There the word "role play" was written in very small letters. Instead, Bioware stuffed up to four players into action-packed battles in which they were under pressure from recurring opponents and in the meantime had to complete generic tasks such as turning off certain targets or escorting a drone. Alternatively, the readiness rating could be increased with the help of the shallow iOS spin-off Mass Effect Infiltrator or a Mass Effect 3 Datapad app (both of which are no longer available). Stupid for those who want to catch up without multiplayer in today's times.
To cut a long story short: In the original version of Mass Effect 3, it was not possible to achieve all of the available endings simply by completing the single-player part. In addition, this multiplayer alternative finally destroyed the illusion that the finale was predetermined by one's own decisions from Mass Effect 1 or 2 and the associated consequences.
The criticism of the community got so out of hand that Bioware postponed the so-called Extended Cut a few months later. This pushed the required number of points for the different endings down enormously, which massively invalidated the weighting of the multiplayer mode. In addition, the player got to hear further details about the continuation of various characters and races, which were related to the decisions he had previously made.
The Extended Cut was therefore not perfect, but the bottom line was good enough. In the end, most of the players spoke of a worthy end to the trilogy. And so it was clear that Bioware's decision-makers announced the next prank shortly afterwards, which finally appeared in 2017: Mass Effect: Andromeda.
A complete restart
The "fourth" part of Mass Effect deliberately moved away from the main series – in the truest sense of the word. This time they took on the role of Scott / Sarah Ryder, who drifted through space as a member of an ark for over 600 years. Your goal: to found a new colony in the Andromeda Galaxy. Of course, there were numerous problems and a handful of new aliens. Ryder, like good old Shepard, stumbled from one precarious adventure to the next.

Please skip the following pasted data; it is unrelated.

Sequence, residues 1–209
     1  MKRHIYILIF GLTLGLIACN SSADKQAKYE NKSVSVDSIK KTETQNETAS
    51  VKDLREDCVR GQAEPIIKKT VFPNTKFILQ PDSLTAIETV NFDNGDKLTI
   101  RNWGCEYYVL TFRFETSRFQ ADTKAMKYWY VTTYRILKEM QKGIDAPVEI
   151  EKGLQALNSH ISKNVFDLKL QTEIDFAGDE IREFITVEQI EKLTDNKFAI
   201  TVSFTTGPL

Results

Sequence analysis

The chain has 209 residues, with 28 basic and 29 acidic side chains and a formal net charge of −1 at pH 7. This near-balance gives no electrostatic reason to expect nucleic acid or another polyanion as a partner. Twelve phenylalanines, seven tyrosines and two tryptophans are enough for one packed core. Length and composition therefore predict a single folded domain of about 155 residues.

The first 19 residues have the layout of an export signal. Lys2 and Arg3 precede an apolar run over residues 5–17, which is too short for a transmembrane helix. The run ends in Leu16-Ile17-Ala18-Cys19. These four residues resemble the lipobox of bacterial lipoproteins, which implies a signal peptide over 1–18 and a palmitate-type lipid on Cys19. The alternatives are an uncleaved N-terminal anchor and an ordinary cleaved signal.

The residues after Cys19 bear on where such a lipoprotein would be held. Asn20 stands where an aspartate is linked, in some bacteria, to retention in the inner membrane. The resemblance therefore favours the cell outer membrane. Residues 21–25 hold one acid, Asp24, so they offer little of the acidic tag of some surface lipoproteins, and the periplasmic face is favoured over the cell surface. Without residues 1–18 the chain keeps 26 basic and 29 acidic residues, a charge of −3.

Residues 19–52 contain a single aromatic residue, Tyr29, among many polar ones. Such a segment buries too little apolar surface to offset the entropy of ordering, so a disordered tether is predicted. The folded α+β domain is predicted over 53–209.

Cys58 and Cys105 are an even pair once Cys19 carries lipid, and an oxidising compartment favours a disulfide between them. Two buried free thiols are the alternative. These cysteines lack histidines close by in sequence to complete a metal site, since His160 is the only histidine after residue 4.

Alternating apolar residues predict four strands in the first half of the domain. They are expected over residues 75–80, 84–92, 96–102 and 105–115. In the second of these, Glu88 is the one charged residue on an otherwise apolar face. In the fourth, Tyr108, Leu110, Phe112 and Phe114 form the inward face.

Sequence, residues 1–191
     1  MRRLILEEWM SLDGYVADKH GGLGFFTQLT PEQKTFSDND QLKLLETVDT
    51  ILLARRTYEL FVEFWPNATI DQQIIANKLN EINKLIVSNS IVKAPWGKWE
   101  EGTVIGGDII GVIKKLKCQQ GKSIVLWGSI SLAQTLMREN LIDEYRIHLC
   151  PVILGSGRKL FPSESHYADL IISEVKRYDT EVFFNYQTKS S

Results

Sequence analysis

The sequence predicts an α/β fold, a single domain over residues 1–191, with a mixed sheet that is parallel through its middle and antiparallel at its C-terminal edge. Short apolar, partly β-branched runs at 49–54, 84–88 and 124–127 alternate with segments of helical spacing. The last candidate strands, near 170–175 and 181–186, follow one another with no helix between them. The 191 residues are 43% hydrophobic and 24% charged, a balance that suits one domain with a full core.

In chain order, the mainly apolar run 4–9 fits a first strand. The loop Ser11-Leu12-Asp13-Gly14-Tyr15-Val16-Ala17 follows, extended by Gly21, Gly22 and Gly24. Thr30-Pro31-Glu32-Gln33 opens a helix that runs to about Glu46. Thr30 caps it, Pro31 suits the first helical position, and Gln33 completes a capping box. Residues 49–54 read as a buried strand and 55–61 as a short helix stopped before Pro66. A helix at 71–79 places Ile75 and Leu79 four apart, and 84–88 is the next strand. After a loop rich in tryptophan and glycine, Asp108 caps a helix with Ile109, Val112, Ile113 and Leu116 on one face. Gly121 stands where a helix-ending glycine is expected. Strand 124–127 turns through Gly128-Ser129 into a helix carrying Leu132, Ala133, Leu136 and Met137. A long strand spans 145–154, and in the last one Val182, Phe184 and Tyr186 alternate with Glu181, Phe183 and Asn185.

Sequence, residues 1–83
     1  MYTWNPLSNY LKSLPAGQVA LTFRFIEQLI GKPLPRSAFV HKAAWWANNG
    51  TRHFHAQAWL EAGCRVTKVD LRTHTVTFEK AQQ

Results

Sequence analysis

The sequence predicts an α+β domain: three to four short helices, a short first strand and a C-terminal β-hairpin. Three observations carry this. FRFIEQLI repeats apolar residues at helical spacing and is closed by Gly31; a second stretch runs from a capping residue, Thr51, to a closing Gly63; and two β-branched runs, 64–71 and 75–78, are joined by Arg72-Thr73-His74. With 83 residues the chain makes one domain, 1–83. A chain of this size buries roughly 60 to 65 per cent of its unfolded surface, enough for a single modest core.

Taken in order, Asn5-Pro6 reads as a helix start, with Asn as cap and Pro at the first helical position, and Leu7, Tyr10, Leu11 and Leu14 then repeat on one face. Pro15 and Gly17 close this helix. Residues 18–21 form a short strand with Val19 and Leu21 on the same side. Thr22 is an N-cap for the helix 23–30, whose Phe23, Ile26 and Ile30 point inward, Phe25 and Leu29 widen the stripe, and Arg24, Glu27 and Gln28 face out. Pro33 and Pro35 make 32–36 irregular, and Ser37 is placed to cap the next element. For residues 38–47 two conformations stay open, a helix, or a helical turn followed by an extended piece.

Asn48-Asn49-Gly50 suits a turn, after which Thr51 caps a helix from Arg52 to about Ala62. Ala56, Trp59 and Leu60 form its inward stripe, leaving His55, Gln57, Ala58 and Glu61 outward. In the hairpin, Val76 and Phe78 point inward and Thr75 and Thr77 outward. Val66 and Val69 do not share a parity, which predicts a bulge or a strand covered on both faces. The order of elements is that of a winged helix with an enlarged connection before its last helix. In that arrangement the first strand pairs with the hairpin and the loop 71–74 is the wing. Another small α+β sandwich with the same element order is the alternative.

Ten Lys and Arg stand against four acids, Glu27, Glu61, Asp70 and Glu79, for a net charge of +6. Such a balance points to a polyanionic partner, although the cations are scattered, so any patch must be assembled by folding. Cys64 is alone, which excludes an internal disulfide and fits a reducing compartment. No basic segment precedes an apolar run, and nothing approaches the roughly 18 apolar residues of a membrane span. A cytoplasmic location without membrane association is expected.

The actually quite smart premise unfortunately got several big scratches in the course of the game: The intro of Mass Effect: Andromeda seemed carelessly staged, the story is like a run-of-the-mill SciFi novella, hardly any character could keep up with those from the original trilogy (all first the awkward Ryder) and dramatic events could be smelled for miles against the wind.
There were also some deficiencies to complain about in the setting: The brand new alien race of the Angara could hardly be uglier and more generic, while the relationship options were bursting with clichés. Regarding the fights, Bioware also made little effort – and annoyed the player until the end with tolerably different variations of the same end bosses. The only really positive aspect of Mass Effect: Andromeda were the planets themselves, the beautiful design and open ones Structure honored the rambling areas from Bioware's Dragon Age: Inquisition (2014). However, even this plus was tarnished by numerous bugs that really covered the entire range. The spectrum of errors ranged from graphically awkward facial animations (from which numerous spiteful memes were created) to sudden crashes and broken game saves.
In the end, you could measure the damage in bare numbers: The Metacritic cut was limited to 76 (Xbox One) to 71 (Playstation 4) points – a disaster for a title of this size. The players even scored an average of five out of ten possible points, and in terms of sales, Mass Effect: Andromeda fell short of publisher Electronic Arts' expectations. How else can you explain that all single-player DLCs were deleted just a few months after their release? But it got even worse: The studio Bioware Montreal, which was founded especially for Andromeda, was dissolved and – much worse – the Mass Effect franchise was put on hold.
Hope dies last
Three years later, fans fear that their favorite series will continue and are consoled with half-baked rumors. For example, a few months ago Bioware published a tweet with the iconic intro music from Mass Effect, mind you without explanation and without any visible reason. Insiders suspect the subtle announcement of a remastered version that includes at least the first part and possibly the entire original trilogy.
With all of this, one must also not forget that Bioware had to contend with another science fiction debacle called Anthem (2019) and has since lagged behind its good reputation. To put it even harder: The Canadians have become a mockery of the scene with just two titles from the hit guarantee.
Science fiction stories still offer enough material for epic role-play adventures. The Mass Effect series is often compared with the cult around Star Trek, which also combines space adventures of all kinds with a wide variety of alien races. And if Gene Roddenberry's legacy is dug up again and again after 54 years, why shouldn't this also apply to Mass Effect?